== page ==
Fran is amongst hundreds of Canadians who have filed a transvaginal mesh (TVM) lawsuit with attorneys in Toronto. Thousands and thousands of women south of the border have already received transvaginal mesh settlements, but thousands more claims are still pending in US courts. For Fran, getting the message out about transvaginal mesh complications is more important than receiving a settlement.
“I was at the point where I would pee my pants if I walked too fast. I was fed up to the point that something had to be done,” says Fran. “My family doctor recommended this surgery; I know he had nothing to gain but he had been told about the mesh by my surgeon, via The College of Physicians - I assumed the device was reputable. And this mesh sounded exactly what I needed. I had a consultation with the surgeon when I was 47 and he determined that I was a good candidate.” (Fran had a total hysterectomy at 36, when the urinary incontinence problems started. Thankfully she has a healthy son.)
Fran had a TVT sling implanted in 2009 and says it was fine for a short time. Because she worked in the health care field for 30 years, Fran knew how important it is to follow doctor’s instructions. “I took a few weeks off work and went back on light duties, meaning no heavy lifting. I didn’t have sex for a few months, and that’s when I figured I could start leading a normal life again. Wrong.
“My problems started about six months later. I started to get spasms in my groin when I become the slightest bit dehydrated. When I try to urinate it burns and I get a pinching sensation, like a spasm. I went back to the surgeon and she couldn’t figure out why this was happening. The next year my urination problems started again: my surgeon thought I had a urinary tract infection, or UTI. I had never had a UTI in my life so why now?
“I went back to see my surgeon once more. Again she said it doesn’t make sense, and doesn’t know why it happens. ‘If it only happens when you are dehydrated, just carry water with you,’ she advised. So I still didn’t get an answer. Carrying a bottle of water is like putting the band-aid on the bullet wound. She said there is nothing she can do except remove the mesh and redo the surgery. I went through hell having this in the first place so why do it again?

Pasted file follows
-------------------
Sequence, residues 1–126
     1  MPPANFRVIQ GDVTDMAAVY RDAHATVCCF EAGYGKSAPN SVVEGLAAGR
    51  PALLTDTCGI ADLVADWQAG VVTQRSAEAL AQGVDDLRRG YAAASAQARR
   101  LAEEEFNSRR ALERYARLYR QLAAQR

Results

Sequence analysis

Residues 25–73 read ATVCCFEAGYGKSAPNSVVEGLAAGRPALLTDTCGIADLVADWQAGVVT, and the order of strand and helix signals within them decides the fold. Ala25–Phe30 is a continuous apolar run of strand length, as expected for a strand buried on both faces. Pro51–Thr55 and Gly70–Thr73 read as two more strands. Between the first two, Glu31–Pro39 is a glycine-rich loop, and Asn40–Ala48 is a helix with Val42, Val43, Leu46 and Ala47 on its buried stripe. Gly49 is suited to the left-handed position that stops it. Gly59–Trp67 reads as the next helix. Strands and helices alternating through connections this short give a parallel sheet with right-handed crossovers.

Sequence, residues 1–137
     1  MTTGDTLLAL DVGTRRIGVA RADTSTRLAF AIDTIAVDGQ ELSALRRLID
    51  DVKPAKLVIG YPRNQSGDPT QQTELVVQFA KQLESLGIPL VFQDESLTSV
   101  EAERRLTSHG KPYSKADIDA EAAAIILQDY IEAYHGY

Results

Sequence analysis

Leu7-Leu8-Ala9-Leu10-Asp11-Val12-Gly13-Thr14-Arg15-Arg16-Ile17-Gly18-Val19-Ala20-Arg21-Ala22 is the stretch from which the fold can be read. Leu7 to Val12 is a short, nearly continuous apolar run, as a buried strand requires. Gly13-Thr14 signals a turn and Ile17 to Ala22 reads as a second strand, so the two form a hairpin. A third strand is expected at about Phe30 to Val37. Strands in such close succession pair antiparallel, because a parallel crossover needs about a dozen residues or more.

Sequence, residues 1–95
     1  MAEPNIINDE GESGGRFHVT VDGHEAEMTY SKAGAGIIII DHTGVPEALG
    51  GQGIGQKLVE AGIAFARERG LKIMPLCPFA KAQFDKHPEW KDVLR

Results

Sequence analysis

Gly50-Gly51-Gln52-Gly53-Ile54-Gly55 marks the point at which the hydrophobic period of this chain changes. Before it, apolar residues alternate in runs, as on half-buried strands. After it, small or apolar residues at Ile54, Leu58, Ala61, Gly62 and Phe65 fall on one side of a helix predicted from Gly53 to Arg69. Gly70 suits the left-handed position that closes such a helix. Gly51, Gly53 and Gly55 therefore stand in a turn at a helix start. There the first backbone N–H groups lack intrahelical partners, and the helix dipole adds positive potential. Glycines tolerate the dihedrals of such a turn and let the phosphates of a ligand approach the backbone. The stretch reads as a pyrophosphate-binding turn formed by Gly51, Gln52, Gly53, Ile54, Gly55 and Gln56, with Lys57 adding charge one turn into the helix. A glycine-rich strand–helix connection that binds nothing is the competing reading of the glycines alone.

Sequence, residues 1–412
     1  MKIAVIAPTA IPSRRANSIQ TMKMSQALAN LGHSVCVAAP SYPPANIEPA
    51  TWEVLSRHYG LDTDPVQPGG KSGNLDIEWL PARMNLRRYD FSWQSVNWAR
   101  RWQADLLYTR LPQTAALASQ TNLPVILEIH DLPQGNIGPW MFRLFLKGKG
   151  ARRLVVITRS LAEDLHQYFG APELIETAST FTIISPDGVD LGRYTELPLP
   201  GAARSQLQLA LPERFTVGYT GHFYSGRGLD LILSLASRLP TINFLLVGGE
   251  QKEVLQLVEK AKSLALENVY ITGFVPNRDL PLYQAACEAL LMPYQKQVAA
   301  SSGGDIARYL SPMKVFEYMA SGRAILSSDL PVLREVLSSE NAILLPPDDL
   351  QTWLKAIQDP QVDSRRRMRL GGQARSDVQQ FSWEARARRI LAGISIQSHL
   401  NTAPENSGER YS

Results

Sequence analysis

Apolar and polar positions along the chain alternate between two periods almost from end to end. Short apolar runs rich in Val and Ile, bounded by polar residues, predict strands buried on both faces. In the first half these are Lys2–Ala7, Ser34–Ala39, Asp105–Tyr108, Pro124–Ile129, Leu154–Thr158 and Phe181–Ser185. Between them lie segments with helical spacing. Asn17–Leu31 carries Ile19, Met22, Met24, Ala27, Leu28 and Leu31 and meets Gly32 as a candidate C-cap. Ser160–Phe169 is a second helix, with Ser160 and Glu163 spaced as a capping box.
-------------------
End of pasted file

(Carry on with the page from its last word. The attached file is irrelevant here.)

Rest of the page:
“If I could be guaranteed not to have the same problem, I would have this mesh removed and another one implanted. But no one can say for sure if it will be okay. Now I am prone to UTIs and yeast infections, which I never had before. I wake up in the middle of the night with the feeling of something pulling inside me.” And to make matters worse, for the past six months or so Fran has had a bit more leakage, so her incontinence issue may be returning.
“I am mainly so furious that no one told me this could be the end of my sexual life,” she says.“I was only 47 years old. And the more research I do, I just thank god that more serious transvaginal mesh side effects, such as mesh eroding into the vaginal wall, haven’t happened to me - yet. Recently a woman in her 30s here in Winnipeg had the same surgery and she has become completely disabled. Her story was in the newspaper and broadcast on the TV news. That is how I started researching TVM lawsuits.
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To this day, Fran still can’t have “conventional” sex without extreme pain. She was divorced before having the TVT and her sexual partner is now her platonic friend. She has tried lubricants and relaxants but says nothing works. “And it’s not worth going through the pain, but I miss the closeness,” she says.